breastfeeding pump

Five Tips for Pumping

Andrea, my go-to exclusive pumper, has shared her top five tips for successful pumping! Check out my interview with her over here.

Tip #1:

Get yourself a good hospital-grade double pump. I tried two brands and found Medela Symphony to be the best. (Check if your insurance covers a pump! Often it will!)

Tip #2:

Get a pumping bra… Yes I know they are not sexy but they hold the cups well against your skin, create a good suction and you can carry on with emails, calls and even being with your baby.

breastfeeding pump
There it is — the big Medela Symphony over there.

Tip #3:

I was told so many times to think of my baby when pumping… that didn’t work for me. I found I couldn’t pump properly. I distracted myself with a book or facebook or something so I wouldn’t stress about how much milk I would be able to pump.

Tip #4:

Store your milk in small volumes to avoid waste. Babies don’t follow rule-books on how much they should drink. My midwife suggested 80mls in each bag so that I wouldn’t create too much waste when defrosting or warming the milk.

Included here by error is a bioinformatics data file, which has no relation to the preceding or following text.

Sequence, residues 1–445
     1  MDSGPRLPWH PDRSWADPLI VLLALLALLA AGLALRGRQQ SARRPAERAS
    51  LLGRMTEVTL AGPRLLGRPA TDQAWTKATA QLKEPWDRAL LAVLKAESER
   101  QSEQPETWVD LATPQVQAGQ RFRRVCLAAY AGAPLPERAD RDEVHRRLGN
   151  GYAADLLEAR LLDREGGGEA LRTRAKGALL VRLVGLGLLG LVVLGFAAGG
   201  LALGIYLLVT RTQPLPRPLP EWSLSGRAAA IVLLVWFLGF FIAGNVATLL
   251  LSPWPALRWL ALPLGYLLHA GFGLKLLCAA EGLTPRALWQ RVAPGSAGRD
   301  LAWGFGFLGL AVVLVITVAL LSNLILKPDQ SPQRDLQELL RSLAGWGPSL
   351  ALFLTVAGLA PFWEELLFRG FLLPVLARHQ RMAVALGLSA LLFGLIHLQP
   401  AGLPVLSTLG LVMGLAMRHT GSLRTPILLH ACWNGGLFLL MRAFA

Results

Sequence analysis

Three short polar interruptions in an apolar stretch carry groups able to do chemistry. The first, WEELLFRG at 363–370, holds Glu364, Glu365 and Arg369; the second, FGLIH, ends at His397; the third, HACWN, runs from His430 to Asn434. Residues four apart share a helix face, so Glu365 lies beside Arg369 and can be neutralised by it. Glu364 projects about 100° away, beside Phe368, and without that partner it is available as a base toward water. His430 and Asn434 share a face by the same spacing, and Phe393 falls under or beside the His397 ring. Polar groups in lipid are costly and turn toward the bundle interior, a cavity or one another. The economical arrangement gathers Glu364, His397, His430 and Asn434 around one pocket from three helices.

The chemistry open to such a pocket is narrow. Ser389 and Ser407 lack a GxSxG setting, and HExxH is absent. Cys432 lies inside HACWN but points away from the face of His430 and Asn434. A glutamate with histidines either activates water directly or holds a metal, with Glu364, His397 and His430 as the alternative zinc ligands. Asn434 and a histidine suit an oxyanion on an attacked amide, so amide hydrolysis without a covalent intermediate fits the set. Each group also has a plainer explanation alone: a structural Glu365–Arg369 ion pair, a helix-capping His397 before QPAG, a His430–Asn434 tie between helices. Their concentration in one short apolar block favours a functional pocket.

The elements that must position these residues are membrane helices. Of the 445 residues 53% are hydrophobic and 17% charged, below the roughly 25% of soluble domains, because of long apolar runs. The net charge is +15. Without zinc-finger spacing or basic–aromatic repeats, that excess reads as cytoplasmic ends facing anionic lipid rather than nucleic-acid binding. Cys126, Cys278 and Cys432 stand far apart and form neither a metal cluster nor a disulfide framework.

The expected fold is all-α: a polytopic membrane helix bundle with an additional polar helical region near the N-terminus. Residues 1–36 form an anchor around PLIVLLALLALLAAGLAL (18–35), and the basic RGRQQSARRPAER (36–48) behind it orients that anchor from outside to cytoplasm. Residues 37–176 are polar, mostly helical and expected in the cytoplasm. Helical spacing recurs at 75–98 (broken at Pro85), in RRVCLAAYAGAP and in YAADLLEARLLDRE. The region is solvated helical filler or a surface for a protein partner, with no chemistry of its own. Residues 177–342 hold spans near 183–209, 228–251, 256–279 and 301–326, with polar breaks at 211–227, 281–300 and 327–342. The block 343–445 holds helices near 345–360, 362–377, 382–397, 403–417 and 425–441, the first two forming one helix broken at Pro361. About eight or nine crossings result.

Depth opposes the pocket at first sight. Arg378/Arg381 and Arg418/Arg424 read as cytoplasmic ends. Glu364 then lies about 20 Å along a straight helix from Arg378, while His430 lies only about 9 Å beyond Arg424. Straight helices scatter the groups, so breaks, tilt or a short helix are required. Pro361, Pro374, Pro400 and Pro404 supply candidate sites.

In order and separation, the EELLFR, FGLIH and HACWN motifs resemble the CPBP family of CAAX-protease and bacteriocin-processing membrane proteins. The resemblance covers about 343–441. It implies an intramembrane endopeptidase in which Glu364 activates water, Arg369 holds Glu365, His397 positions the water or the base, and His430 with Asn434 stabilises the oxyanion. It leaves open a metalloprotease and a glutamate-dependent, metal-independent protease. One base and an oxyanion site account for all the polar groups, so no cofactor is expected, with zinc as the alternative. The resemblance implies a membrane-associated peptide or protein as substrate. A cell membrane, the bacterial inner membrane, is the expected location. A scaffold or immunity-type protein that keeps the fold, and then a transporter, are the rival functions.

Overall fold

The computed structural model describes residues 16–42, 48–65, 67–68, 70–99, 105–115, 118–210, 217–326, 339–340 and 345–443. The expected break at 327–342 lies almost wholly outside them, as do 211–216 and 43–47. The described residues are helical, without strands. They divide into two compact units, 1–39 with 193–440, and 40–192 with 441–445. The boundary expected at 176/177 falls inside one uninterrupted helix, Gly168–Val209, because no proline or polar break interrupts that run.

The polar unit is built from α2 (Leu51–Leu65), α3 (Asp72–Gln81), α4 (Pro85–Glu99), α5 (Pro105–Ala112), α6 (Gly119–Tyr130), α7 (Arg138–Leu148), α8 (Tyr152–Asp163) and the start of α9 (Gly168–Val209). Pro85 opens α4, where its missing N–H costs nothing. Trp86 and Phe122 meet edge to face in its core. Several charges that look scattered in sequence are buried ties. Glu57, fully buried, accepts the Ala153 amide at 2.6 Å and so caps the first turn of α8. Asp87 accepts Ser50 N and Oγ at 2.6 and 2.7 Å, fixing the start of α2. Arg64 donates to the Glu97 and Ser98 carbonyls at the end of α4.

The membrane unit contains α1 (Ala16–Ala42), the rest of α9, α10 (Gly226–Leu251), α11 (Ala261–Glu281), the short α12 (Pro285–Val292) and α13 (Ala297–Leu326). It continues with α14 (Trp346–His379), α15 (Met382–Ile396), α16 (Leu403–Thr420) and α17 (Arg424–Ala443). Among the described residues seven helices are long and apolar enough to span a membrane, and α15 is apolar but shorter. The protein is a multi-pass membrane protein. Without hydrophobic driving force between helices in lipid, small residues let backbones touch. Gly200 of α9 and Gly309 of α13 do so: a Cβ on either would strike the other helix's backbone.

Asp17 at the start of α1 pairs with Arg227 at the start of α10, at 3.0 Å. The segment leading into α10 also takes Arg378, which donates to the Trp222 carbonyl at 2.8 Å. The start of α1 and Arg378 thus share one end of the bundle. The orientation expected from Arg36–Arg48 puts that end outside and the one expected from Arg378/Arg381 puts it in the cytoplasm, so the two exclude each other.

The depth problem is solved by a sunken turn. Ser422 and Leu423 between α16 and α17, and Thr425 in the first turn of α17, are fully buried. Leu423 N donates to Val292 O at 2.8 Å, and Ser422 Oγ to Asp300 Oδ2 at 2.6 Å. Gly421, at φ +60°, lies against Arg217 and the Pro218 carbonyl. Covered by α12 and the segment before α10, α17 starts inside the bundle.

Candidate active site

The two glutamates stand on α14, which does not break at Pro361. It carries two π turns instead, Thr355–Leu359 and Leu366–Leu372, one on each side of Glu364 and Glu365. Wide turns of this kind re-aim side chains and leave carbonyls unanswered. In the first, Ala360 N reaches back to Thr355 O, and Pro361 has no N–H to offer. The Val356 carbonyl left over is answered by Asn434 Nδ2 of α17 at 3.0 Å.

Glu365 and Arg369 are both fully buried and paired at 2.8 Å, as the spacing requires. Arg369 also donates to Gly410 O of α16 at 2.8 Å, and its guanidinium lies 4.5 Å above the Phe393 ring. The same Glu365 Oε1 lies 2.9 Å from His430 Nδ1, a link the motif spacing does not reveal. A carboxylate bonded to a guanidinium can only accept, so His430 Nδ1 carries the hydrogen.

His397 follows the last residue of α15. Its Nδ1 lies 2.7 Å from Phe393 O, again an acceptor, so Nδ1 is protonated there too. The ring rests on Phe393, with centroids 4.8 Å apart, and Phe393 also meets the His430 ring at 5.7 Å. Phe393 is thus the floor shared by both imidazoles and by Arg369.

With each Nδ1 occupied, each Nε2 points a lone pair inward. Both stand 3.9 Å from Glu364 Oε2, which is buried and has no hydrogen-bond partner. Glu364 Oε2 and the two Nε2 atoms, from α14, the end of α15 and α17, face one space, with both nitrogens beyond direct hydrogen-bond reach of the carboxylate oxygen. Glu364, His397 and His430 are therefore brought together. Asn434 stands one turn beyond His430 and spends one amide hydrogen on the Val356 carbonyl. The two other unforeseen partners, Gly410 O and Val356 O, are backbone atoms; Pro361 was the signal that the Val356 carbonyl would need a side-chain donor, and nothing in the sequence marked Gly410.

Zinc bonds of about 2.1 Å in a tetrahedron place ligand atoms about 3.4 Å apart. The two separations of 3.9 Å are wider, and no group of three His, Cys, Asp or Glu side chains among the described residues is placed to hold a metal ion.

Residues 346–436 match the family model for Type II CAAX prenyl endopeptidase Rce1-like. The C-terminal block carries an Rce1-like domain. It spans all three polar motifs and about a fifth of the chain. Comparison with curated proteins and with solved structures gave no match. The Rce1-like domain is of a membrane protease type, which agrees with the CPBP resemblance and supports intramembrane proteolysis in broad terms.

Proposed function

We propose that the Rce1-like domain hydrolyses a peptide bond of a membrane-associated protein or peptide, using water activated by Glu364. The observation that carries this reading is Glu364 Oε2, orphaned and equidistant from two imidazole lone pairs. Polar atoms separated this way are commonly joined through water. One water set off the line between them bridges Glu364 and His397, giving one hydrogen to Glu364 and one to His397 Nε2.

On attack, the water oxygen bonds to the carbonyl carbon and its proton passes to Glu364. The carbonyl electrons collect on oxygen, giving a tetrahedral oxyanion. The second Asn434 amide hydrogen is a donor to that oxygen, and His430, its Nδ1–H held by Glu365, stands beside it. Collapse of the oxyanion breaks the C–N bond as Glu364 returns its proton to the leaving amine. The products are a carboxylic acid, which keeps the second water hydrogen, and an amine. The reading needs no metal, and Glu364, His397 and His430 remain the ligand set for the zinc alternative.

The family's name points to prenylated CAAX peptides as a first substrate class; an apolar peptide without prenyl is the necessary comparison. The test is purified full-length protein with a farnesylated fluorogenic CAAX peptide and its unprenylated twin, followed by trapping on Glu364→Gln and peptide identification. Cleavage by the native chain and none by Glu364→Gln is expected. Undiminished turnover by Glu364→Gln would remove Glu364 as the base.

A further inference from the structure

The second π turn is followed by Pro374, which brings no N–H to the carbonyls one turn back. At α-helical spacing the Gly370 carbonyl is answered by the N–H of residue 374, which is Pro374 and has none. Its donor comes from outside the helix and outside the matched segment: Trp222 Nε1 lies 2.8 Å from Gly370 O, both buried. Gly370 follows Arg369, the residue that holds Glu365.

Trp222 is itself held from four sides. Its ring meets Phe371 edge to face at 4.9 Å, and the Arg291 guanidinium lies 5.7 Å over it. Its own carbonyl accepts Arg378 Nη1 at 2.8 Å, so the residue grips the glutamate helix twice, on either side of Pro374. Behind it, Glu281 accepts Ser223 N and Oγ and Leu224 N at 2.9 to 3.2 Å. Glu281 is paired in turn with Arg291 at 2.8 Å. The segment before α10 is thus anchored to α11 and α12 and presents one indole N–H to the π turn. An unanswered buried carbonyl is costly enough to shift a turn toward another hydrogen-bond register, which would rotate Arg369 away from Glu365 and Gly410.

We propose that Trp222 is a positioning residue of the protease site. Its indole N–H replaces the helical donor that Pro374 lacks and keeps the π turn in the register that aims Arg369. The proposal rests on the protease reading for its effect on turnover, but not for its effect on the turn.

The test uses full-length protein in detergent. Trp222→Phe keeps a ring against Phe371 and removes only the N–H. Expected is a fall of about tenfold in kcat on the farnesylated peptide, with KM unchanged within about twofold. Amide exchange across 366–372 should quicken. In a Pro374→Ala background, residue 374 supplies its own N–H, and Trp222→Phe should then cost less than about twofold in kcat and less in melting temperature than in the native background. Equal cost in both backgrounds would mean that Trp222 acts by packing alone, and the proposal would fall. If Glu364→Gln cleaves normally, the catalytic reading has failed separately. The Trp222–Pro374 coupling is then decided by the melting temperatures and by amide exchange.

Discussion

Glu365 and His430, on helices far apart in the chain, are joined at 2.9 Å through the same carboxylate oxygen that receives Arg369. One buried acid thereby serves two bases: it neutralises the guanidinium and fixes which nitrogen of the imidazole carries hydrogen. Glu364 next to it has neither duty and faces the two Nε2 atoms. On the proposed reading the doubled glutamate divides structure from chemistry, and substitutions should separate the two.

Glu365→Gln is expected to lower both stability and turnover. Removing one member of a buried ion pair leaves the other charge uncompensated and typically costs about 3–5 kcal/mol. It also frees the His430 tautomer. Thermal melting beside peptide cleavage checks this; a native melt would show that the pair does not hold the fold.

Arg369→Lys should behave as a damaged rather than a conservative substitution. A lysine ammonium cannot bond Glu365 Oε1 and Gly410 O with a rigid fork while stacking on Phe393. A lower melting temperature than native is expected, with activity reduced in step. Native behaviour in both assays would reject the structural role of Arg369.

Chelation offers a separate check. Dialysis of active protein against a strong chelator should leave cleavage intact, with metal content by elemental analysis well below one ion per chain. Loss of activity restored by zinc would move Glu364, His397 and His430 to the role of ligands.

Tip #5:

Try not to over-pump….it hurts!!! The best way I found was less suction and more tempo….

(Edit: “This would be my Tip #6! I totally forgot about this one! To pump more, use hands-on pumping.)

Donor milk in a freezer
My stash of donor milk

Thanks Andrea! It’s great to be able to share some tips from an experienced pumper. But because I’m me, I can’t post pumping info without just a little extra important info! Nobody is surprised, I’m sure. Brevity has never been my strong suit. 

The most important thing to know about pumping is that your milk output in no way represents the amount of milk that you are producing. Some women can pump over 200ml in one sitting, others will sit there with incredibly full breasts and a thriving, exclusively breastfed baby, and not be able to get one single drop out of their breasts during a pumping session. If you have tried pumping and it isn’t working, or you are getting very little, don’t think that this means you have low supply!

I had such bad pumping experiences with my first, that I didn’t touch a pump whatsoever until I went away for a night when my little one was 18 months! In the words of Jack Newman, “Do what you can. A mother exhausted from pumping is probably no further ahead with milk production. And yes, it is not necessary to express your milk if this is a burden and makes you want to stop altogether.”

So, to all the new mamas out there pumping away, take a read of Andrea’s tips, take a deep breath, and give that little bubba of yours a kiss. <3 We are all amazing mamas, doing all that we can. 

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